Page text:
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Publius Aelius Hadrianus was Trajan’s second cousin, and the emperor became one of his guardians when Hadrian’s father died. Hadrian later married Trajan’s grandniece Vibia Sabina (coin above) daughter of Matidia, but their union was not a happy one.
To a great extent, Sabina (bust right) could not compete with her husband's preference for boys, and the marriage remained barren. Although Sabina traveled extensively wherever Hadrian went, between 125 and 130 it was in company with Antinoüs (right), the beautiful Bithynian youth who captured Hadrian's heart and became his constant companion. After Antinoüs died of drowning in the Nile under mysterious circumstances while the imperial entourage was visiting Egypt, Hadrian had the boy deified and later turned his vast villa at Tibur (Tivoli, near Rome) into a stage for numerous classical statues of his dead lover.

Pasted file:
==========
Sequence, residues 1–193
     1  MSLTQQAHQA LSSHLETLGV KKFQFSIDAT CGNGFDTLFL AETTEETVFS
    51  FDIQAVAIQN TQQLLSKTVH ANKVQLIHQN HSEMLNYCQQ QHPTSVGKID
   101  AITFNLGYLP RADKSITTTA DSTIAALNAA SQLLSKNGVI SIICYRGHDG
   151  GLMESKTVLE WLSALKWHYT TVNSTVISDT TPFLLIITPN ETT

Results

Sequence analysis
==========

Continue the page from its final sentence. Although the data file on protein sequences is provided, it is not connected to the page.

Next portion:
Deified on death:
On Hadrian's orders Antinoüs entered the pantheon of Egyptian gods, and later on
that of the Romans
too. Coins of him
were minted and his cult lasted for two centuries.
A coin issued on occasion of Hadrian’s visit to Jerusalem, shows a Jewish mother with her children making a peace offering to the emperor. His actions there, however, led to a bloody uprising.
Hadrian was one of Rome's greatest builders, raising monuments, basilicas, and temples wherever he went. Among the most famous in Rome are the gigantic temple of Venus et Roma and the Pantheon, the last still intact today. He was also a busy fortifier of the empire's frontiers, never more so than in the north of England where the wall that bears his name is still partly visible.
Illustrations © Oliver Frey; Maps © Roger M. Kean © 2010–2016 Reckless Books, England